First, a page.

“Finally some gaping holes appeared in the kitchen wall facing us and our hypnotised eyes saw an arm appear from within. Then the quavering voice of Mr Hall said ‘we’re alright’”.

“It was like a prayer answered, a miracle to outshine miracles.”

Mrs Tunnicliffe had floated on the rising water inside the kitchen, maintaining a grip on the mantelpiece to keep her head clear, while Mr Hall supported his wife by clinging to the door. Miraculously everyone escaped with bruises.

23 MAY 1960

On 23 May 1960 a large earthquake off the coast of Chile generated a tsunami that travelled across the Pacific to hit New Zealand at night. If Grant Anderson and Maurice Leech had known then that a tsunami was funnelling its way down Lyttelton Harbour they would have headed for the hills instead of into the water to save a dog swept away by “freak tides”.

“I thought the water was just a bizarre tide and a dog needed to be saved. I took a dinghy and Maurice walked along the foreshore towards the Charteris Bay jetty. I was taken out by the water and then the dinghy was sitting in the mud. Then the water would come back in and I’d start rowing again,” said Mr Anderson.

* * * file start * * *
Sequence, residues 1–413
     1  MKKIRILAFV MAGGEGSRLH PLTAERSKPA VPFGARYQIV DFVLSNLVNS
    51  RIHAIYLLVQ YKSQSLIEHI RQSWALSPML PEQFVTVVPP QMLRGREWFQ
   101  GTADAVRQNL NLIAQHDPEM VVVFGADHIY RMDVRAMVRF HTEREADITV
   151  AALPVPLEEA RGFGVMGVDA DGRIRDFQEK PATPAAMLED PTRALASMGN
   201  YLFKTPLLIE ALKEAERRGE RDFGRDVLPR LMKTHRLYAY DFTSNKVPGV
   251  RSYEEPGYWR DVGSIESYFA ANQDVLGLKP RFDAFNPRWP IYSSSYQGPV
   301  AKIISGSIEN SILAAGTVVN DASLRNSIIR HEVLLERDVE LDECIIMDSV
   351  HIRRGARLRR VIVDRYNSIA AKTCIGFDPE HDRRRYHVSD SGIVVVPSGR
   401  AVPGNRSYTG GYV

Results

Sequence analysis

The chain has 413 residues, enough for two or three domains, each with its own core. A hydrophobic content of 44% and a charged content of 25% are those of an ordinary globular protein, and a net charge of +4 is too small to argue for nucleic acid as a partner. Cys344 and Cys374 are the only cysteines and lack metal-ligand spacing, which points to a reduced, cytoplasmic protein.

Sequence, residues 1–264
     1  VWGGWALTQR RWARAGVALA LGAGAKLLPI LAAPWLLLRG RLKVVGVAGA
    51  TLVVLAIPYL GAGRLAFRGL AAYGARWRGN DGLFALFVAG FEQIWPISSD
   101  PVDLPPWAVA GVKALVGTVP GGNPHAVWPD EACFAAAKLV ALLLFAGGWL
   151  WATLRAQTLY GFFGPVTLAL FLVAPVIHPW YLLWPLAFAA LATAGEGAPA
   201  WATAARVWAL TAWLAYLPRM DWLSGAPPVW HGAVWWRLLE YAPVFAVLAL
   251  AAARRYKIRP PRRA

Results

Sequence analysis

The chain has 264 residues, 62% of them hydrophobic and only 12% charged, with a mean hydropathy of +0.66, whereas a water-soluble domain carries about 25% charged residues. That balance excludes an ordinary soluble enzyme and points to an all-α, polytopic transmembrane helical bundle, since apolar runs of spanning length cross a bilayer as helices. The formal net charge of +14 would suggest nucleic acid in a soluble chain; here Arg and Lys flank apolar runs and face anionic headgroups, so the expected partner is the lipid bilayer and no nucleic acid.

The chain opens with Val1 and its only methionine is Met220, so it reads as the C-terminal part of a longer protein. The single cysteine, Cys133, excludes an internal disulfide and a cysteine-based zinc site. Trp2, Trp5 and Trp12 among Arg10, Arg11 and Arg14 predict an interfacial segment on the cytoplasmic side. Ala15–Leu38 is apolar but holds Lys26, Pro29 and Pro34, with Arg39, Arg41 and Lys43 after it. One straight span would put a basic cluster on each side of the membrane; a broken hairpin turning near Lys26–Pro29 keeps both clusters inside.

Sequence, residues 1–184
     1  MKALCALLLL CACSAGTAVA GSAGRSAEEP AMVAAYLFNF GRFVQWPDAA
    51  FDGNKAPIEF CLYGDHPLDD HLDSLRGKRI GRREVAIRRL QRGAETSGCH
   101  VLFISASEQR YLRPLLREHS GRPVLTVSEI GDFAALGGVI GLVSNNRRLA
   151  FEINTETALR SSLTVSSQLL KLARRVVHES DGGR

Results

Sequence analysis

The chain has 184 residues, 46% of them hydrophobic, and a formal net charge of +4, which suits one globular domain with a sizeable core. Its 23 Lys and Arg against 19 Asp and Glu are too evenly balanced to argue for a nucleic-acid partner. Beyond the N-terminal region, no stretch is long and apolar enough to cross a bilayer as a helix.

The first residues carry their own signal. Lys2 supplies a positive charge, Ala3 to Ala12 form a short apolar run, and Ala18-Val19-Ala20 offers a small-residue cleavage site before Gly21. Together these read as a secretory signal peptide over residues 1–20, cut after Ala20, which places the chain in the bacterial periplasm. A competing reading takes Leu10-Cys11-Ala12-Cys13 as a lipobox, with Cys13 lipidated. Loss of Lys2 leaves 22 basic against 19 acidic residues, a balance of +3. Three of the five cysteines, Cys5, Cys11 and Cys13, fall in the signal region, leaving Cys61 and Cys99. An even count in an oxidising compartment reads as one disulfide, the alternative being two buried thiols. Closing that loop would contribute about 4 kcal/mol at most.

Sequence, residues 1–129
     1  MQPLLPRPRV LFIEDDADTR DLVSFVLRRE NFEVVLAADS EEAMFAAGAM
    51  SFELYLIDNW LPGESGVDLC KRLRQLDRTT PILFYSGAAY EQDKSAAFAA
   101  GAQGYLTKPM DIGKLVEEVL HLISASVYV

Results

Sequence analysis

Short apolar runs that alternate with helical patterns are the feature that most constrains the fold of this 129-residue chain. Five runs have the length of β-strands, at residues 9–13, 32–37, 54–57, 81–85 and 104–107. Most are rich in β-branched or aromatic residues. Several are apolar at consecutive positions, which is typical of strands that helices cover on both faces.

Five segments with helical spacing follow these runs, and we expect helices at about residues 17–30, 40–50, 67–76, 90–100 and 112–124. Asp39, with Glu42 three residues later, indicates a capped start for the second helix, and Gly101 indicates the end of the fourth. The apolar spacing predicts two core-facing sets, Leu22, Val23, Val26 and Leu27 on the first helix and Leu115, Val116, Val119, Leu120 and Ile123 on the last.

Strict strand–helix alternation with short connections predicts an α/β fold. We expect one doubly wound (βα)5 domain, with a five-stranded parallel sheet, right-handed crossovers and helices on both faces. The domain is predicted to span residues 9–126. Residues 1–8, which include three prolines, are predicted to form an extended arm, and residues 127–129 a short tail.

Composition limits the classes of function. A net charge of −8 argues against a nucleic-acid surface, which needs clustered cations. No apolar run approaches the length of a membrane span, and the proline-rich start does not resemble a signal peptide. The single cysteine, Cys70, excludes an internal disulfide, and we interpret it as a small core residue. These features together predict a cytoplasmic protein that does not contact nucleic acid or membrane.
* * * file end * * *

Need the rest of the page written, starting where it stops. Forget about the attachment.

The water was flooding low-lying farmland and the Wheatsheaf Tavern about 400m inland at Teddington, near Charteris Bay. On the other side of the harbour, the port electrical cables and the dry dock took a pounding.

“I remember there was an old chap living in the Wheatsheaft at the time. During his lifetime he’d apparently been shipwrecked twice. He got a fright of his life when he woke up to see his sea chest floating and his room full of water,” recalled Mr Anderson.

“Another chap in the areas was apparently having a bath. The water went up the drains and pushed the plug out of the bath and filled it with seawater. The next day people were picking fish up off the ground. It was strange stuff. But I remember my grandmother saying there’d been a similar thing 100 years before. Then they were picking up fish stuck in the farm fences.”

Maurice Leech said “ I was awestruck when I got the call about the dog. It had been swept out with the kennel it was tied to. The water was only about two foot high. There was a series of these waves; they all came in on top of each other. They came in at a rush”.

There was a seven-metre variation of water in the harbour, and at its peak the Harbour swelled two metres above the high water. There was no fear. More wonderment than anything else. And the swimming dog? He apparently reached shore without any help.